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Joseph Christoph KESSLER (1800-1872)
Pensées fugitives, Op 72 (pub.1866) [11:41]
3 Mazury [4:45]
Chansonette à la russe sans paroles, Op 61b [5:48]
Nocturne in D-flat major, Op 48 No 2 (pub.1851) [5:32]
Scherzo, Op 45 (pub.c1854) [9:18]
Souvenir de Grätz, Op 60 [10:54]
Magdalena Brzozowska (piano)
rec. 2021, Radom, Poland
ACTE PRÉALABLE AP0498 [48:03]

This selection of piano works by the German pianist and composer Joseph Kessler is a follow up to Brzozowska's recording of his Préludes and Etudes (Acte Prèalable AP0319 review). The Etudes, published in 1827 were played by the likes of Liszt and the Préludes made an impact on Chopin who became friends with Kessler at the soirées that he gave in Warsaw in 1829 and who in turn dedicated his own Préludes, Op 28 to Kessler.

In her booklet notes to this second volume, written in rather quirky English, Brzozowska says this selection comes from different periods of Kessler's life though no idea of what those periods are is given; the publication dates listed above I found on the internet. Kessler spent the last 17 years of his life in Vienna so perhaps Op 60 and above date from that period; it seems that all the pieces date from a later period than either of the sets on volume one. Likewise not a lot is said about the music – one sentence for each group of pieces – and what there is tells us little; the Chansonette à la russe sans paroles is described as full of lyricism berceaux, with interesting harmony. There is a vague sense of a cradle song but this is certainly not my strongest impression of the piece.

That said the music should not require description when it is there to be heard. The opening fleeting thoughts are mostly descriptive pieces; le Lutin is a boisterous, stomping portrait of a hobgoblin while le sylphe is a gracefully waltzing spirit of the air. The Savoyard in Chant du Savoyard would not have known the Savoy theatre of Gilbert and Sullivan fame so this trudging and vaguely mournful song without words is presumably suggestive of the Savoy region in France's Western Alps. Last is a gigue, a Scarlattian dance that is pleasant but slightly outlasts its welcome with all the repeats played.

The three mazurkas suggest early Chopin and, while they are attractive and energetic they don't aspire to the emotional depth reached in many of Chopin's mazurkas. The generally Slavic mood and the contrasting minor and major key sections of the Chansonette à la russe give the piece a dumka like feel; a little too plodding and dramatic to suggest the lullaby that Brzozowska hears and I feel her performance emphasises the plodding nature of the outer sections. Kessler wrote in many of the genres that Chopin used; préludes, études, polonaises, impromptus, mazurkas and, as we find here, nocturnes and scherzi. The Nocturne in D-flat major, the second of two published in 1851, shares traits with Chopin's such as the lyrical melody over an extended, flowing left hand accompaniment but Kessler can't match his compatriot's melodic genius. This might have been even more like Chopin's model if the dramatic minor key central section had been played but Brzozowska omits this completely; her notes do not mention different editions but she either found one that just contains the outer sections or chose to omit it for some reason. It would have been nice to hear it in its entirety (and at a CD length of just under 50 minutes there was certainly room). The Scherzo is a bravura piece that has some enjoyable moments but it is overlong for the material and while Brzozowska gets around its many notes it sounds somewhat heavy handed; some of this is Kessler's writing, the thick textures and octave leaps in the lyrical section for instance, but just where the work should be taking off in intensity and excitement leading up to the coda and a marked marcato il canto e molto brilliante Brzozowska slows down. Disappointing.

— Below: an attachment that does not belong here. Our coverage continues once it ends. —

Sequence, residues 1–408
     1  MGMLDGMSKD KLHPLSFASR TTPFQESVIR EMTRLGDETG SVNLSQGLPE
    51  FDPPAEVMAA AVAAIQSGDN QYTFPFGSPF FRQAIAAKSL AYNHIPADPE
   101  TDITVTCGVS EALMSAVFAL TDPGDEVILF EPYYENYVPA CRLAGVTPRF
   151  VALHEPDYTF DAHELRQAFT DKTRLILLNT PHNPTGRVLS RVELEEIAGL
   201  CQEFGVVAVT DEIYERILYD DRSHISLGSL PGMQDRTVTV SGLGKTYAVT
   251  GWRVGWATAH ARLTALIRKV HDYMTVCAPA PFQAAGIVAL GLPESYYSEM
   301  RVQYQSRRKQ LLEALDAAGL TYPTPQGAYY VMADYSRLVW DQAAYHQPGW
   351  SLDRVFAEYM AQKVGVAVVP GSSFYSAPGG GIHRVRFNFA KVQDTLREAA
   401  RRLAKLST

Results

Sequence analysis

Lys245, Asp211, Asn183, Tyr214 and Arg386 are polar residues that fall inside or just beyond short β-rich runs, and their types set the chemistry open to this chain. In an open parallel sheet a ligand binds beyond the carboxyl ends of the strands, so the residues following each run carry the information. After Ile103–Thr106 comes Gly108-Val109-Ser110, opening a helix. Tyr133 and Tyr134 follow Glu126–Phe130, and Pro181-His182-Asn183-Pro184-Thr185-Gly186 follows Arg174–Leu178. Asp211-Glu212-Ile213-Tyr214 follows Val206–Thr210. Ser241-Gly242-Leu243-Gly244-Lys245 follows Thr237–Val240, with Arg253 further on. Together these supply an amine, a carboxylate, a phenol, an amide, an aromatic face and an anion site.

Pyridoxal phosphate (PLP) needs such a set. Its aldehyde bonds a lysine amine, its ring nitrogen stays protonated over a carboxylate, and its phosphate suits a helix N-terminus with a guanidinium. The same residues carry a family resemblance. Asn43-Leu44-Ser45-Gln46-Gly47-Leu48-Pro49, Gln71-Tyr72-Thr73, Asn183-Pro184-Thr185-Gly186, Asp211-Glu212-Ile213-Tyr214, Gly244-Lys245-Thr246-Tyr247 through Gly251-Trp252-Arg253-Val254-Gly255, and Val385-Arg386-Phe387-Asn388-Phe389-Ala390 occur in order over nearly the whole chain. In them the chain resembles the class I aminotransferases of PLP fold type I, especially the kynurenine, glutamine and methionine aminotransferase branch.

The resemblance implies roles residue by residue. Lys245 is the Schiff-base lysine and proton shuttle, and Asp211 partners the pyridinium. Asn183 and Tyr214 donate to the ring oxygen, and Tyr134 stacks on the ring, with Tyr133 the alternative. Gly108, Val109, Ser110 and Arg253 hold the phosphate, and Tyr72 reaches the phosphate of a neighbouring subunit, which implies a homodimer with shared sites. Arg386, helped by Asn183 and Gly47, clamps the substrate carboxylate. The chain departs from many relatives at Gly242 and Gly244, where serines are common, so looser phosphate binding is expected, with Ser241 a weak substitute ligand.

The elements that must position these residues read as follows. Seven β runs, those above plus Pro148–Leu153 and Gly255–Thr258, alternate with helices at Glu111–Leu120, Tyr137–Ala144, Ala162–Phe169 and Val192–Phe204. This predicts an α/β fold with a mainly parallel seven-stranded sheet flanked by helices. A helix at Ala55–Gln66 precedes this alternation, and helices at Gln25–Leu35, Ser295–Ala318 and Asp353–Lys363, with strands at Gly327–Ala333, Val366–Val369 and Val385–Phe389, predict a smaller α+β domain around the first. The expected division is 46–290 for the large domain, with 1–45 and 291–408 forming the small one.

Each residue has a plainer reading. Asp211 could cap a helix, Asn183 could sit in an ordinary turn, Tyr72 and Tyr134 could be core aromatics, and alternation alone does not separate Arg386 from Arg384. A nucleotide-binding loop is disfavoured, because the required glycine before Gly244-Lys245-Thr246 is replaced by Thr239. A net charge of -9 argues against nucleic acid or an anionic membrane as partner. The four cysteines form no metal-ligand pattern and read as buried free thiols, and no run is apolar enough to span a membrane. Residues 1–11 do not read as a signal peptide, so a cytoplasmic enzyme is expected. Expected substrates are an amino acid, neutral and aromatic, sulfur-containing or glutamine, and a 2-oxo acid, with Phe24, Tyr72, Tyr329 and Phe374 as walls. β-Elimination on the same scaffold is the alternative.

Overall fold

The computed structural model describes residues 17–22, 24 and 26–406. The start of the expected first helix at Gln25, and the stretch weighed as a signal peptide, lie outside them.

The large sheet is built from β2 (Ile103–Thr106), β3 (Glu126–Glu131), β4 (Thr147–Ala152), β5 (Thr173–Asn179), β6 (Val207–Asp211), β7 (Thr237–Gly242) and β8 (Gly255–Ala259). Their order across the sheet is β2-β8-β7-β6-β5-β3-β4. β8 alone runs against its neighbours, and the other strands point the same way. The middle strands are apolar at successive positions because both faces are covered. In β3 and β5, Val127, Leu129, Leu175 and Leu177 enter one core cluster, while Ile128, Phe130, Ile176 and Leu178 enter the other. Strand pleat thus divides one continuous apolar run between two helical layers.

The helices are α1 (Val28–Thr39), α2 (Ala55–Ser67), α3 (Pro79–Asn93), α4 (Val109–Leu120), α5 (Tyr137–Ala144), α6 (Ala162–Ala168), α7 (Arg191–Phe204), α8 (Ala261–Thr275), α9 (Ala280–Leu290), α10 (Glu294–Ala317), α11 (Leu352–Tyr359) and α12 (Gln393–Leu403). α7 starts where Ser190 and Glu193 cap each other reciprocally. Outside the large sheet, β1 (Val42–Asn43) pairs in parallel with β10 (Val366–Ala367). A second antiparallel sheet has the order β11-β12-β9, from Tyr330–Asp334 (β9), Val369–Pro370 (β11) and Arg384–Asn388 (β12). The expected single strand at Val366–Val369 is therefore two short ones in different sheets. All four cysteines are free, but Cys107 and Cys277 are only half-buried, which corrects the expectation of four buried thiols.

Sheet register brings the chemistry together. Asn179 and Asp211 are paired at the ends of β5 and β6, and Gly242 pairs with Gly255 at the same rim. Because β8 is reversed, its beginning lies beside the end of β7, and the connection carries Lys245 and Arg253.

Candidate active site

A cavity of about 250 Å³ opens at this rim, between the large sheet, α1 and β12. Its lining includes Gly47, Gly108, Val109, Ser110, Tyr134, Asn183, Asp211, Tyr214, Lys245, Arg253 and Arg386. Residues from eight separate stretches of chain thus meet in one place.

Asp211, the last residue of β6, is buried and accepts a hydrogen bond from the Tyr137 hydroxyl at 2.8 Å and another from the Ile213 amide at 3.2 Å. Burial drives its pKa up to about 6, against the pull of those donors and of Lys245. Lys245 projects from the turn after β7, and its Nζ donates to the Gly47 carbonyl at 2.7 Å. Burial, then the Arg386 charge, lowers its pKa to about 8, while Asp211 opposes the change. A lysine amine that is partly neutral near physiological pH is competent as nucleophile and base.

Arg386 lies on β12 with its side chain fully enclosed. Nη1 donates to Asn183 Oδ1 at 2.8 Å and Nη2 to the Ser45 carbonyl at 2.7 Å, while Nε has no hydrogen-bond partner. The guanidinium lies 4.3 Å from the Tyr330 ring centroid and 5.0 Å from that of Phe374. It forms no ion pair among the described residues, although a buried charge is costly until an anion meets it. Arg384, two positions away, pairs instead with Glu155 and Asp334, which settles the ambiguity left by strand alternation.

Souvenir de Grätz is a tribute to Beethoven and more specifically a movement of his Sonata, Op 13. It opens with a dramatic statement of the theme of the final movement of the Sonata before launching into a slow introduction. A virtuoso transition back into the theme, now played in full, is followed by a set of variations. There are echoes of Beethoven's C minor variations in some of the writing and there is the customary slow variation beginning as an enigmatic passage accompanied by a low rumbles in the bass. This becomes more lyrical and searching and leads straight into the faster final variation/coda. As Brzozowska notes, technical challenges do indeed abound with huge skips, octaves and athletic chordal jumps but as in the scherzo although she gets around all the technical hurdles that Kessler sets she does not always always fire the imagination to lift this piece out of the ordinary.

As always it is good to hear beyond the mainstream, to hear the voices that have been vastly overshadowed by their more famous contemporaries and I commend Ms Brzozowska and Acte Préalable for their enterprise. She is a competent pianist and is at her best in the shorter character pieces and dances while the sound is perfectly acceptable; it is closely miked but I was not troubled by any of the extraneous noise or slight distortion that Byzantion noted on volume one (though to follow on from his review there are several more booklet and CD photos of Ms Brzozowska!).
 
Rob Challinor

Previous review: Philip R Buttall




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